total lung capacity


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capacity

 [kah-pas´ĭ-te]
the power to hold, retain, or contain, or the ability to absorb; usually expressed numerically as the measure of such ability.
closing capacity (CC) the volume of gas in the lungs at the time of airway closure, the sum of the closing volume and the residual volume. See also closing volume.
decreased intracranial adaptive capacity a nursing diagnosis accepted by the North American Nursing Diagnosis Association, defined as the state in which intracranial fluid dynamic mechanisms that normally compensate for increases in intracranial volumes are compromised, resulting in repeated disproportionate increases in intracranial pressure in response to a variety of noxious and nonnoxious stimuli.
diffusing capacity see diffusing capacity.
forced vital capacity the maximal volume of gas that can be exhaled from full inhalation by exhaling as forcefully and rapidly as possible. See also pulmonary function tests.
functional residual capacity the amount of gas remaining at the end of normal quiet respiration.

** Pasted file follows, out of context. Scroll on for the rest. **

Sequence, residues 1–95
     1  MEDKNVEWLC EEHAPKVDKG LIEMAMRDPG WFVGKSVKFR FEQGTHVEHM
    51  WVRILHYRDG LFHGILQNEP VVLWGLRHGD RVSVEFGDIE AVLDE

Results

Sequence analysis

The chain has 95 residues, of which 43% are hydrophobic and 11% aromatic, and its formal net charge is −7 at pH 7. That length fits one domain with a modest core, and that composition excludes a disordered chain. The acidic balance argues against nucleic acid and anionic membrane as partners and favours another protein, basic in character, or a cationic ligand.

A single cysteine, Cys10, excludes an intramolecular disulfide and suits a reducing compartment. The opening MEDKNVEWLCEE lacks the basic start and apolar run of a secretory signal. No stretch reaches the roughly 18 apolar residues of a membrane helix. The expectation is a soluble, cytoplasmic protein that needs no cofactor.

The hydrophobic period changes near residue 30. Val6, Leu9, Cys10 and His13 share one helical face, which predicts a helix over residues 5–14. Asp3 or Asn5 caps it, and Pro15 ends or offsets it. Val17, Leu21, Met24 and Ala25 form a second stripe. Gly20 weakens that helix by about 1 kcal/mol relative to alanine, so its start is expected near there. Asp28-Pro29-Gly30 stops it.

heat capacity the amount of heat required to raise the temperature of a specific quantity of a substance by one degree Celsius.
inspiratory capacity the volume of gas that can be taken into the lungs in a full inhalation, starting from the resting inspiratory position; equal to the tidal volume plus the inspiratory reserve volume.
maximal breathing capacity maximum voluntary ventilation.
thermal capacity heat capacity.
total lung capacity the amount of gas contained in the lung at the end of a maximal inhalation.
 Subdivisions of total lung capacity: TLC, total lung capacity; V, tidal volume; IC, inspiratory capacity; FRC, functional residual capacity; ERV, expiratory reserve volume; VC, vital capacity; RV, residual volume. From Dorland's, 2000.
virus neutralizing capacity the ability of a serum to inhibit the infectivity of a virus.
vital capacity (VC) see vital capacity.

to·tal lung ca·pac·i·ty (TLC),

the inspiratory capacity plus the functional residual capacity; that is, the volume of air contained in the lungs at the end of a maximal inspiration; also equals vital capacity plus residual volume.